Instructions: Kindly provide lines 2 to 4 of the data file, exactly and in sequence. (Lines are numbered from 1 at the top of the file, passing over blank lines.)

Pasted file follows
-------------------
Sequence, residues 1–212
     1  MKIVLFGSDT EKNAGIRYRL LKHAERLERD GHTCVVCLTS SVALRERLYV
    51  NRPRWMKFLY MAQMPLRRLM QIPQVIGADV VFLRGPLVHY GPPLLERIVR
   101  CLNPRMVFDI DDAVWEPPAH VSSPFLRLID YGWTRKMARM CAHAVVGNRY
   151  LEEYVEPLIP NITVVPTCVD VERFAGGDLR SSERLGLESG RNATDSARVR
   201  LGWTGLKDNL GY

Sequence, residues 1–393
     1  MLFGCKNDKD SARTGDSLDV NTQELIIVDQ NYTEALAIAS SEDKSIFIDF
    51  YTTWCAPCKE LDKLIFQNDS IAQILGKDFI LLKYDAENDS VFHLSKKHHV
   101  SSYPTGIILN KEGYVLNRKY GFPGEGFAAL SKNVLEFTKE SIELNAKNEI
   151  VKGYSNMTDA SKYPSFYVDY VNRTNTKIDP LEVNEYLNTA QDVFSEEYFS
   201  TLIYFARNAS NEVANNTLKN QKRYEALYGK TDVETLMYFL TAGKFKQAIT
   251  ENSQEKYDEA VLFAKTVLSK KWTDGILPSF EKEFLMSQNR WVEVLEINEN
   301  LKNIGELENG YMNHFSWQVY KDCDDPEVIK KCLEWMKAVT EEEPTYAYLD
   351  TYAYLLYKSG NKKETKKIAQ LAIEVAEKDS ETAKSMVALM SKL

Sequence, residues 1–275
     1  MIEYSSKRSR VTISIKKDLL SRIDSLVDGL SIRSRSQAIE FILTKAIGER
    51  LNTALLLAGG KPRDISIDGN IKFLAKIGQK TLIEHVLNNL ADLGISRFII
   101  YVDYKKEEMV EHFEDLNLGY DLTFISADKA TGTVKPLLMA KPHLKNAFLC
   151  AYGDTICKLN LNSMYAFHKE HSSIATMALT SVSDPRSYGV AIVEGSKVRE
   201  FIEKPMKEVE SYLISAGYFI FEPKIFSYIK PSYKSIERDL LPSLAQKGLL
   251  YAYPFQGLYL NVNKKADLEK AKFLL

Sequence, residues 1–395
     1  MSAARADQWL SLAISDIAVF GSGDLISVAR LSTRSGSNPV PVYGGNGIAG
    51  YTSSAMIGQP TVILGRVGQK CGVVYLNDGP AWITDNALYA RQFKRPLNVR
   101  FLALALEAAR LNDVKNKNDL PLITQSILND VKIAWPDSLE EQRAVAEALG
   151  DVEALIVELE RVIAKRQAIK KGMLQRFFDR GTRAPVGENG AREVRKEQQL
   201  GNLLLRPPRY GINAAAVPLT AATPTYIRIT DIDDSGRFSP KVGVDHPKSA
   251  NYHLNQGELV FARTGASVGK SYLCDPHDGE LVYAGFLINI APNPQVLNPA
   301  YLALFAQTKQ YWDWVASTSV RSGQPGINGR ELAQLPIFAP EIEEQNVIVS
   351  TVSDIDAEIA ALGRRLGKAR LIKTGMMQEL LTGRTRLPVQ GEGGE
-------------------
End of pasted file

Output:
     1  MKIVLFGSDT EKNAGIRYRL LKHAERLERD GHTCVVCLTS SVALRERLYV
    51  NRPRWMKFLY MAQMPLRRLM QIPQVIGADV VFLRGPLVHY GPPLLERIVR
   101  CLNPRMVFDI DDAVWEPPAH VSSPFLRLID YGWTRKMARM CAHAVVGNRY